The brain is an enigmatic organ that holds many mysteries, and questions about it continue to puzzle scientists today. It controls everything we think, feel, and do, yet we still have a lot to learn about how it works.
Researchers continue to study its parts and their associated functions, as well as ways in which we can better manage it. In that pursuit, many methods have been developed to improve its processes and mitigate the effects of numerous mental illnesses.
One treatment method that is now rising in popularity is neurotherapy or neurofeedback. It is a relatively young field, but it shows promising results in terms of improving brain function and managing psychiatric conditions. In this article, we will discuss how this form of therapy can help people recover from various illnesses, including addiction.
What Is Neurotherapy?
At any given time and in any given activity, certain parts of the brain generate electrical activity or what is commonly called “brain waves” that control specific functions and actions.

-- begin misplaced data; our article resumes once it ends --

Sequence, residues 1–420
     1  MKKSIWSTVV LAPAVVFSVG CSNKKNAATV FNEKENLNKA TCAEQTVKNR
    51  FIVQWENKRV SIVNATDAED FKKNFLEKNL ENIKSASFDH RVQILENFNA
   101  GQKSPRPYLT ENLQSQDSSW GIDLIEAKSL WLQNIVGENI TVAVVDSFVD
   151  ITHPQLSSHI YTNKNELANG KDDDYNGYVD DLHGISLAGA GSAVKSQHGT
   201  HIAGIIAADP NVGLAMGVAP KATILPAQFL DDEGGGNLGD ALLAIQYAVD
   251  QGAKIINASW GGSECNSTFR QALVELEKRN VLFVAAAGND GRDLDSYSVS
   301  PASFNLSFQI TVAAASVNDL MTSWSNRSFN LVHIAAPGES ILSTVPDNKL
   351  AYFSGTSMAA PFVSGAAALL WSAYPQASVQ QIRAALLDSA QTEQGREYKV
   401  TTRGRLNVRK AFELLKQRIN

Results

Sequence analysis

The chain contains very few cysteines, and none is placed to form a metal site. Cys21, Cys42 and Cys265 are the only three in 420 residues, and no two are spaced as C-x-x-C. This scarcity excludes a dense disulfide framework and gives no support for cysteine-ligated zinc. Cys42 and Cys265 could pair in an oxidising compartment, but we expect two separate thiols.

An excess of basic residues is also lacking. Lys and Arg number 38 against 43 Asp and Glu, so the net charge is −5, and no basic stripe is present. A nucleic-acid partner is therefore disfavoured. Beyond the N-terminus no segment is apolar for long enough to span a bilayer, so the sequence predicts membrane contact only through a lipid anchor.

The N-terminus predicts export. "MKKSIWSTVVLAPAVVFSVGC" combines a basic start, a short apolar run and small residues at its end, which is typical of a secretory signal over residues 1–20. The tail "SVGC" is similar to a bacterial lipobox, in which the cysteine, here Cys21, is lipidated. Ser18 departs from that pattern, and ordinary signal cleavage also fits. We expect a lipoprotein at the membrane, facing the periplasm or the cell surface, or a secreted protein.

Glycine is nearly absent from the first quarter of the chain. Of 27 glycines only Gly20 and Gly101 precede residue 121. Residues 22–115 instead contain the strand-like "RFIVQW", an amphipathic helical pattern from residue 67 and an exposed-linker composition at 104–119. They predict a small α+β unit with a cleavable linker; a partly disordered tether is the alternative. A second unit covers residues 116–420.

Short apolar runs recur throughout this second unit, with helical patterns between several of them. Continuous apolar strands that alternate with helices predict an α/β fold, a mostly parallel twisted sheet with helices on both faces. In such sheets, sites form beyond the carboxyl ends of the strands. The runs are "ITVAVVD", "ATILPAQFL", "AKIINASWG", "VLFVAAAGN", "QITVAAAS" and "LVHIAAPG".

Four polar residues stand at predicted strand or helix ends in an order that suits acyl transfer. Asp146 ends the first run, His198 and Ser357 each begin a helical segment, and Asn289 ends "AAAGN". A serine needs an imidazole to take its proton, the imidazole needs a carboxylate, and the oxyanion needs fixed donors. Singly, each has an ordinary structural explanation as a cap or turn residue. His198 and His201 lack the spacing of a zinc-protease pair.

Neurotherapy is a drug-free treatment that involves measuring and managing these electrical signals given off by your nerve cells (neurons). It is sometimes referred to as neurofeedback or electroencephalogram (EEG) biofeedback.
Neurotherapy typically relies on the use of an EEG, which is a device that helps detect and illustrate electrical activity in the brain. It uses metal discs or electrodes attached to the scalp to gather this information, and the results appear as wavy lines on the recording.
By displaying real-time records of a person’s brain wave activity, neurotherapy practitioners can collect information regarding that individual’s patterns of thinking, feeling, and behavior. They can detect clinical symptoms and help a person consciously train their brain into functioning in more healthy ways.
This type of therapy is grounded in the fact that many mental illnesses have associated abnormalities in their brain waves. Overactivity or underactivity in various regions of the brain are often symptoms of different psychiatric conditions, such as obsessive-compulsive disorder (OCD), depression, anxiety, attention deficit hyperactivity disorder (ADHD), and substance abuse disorder.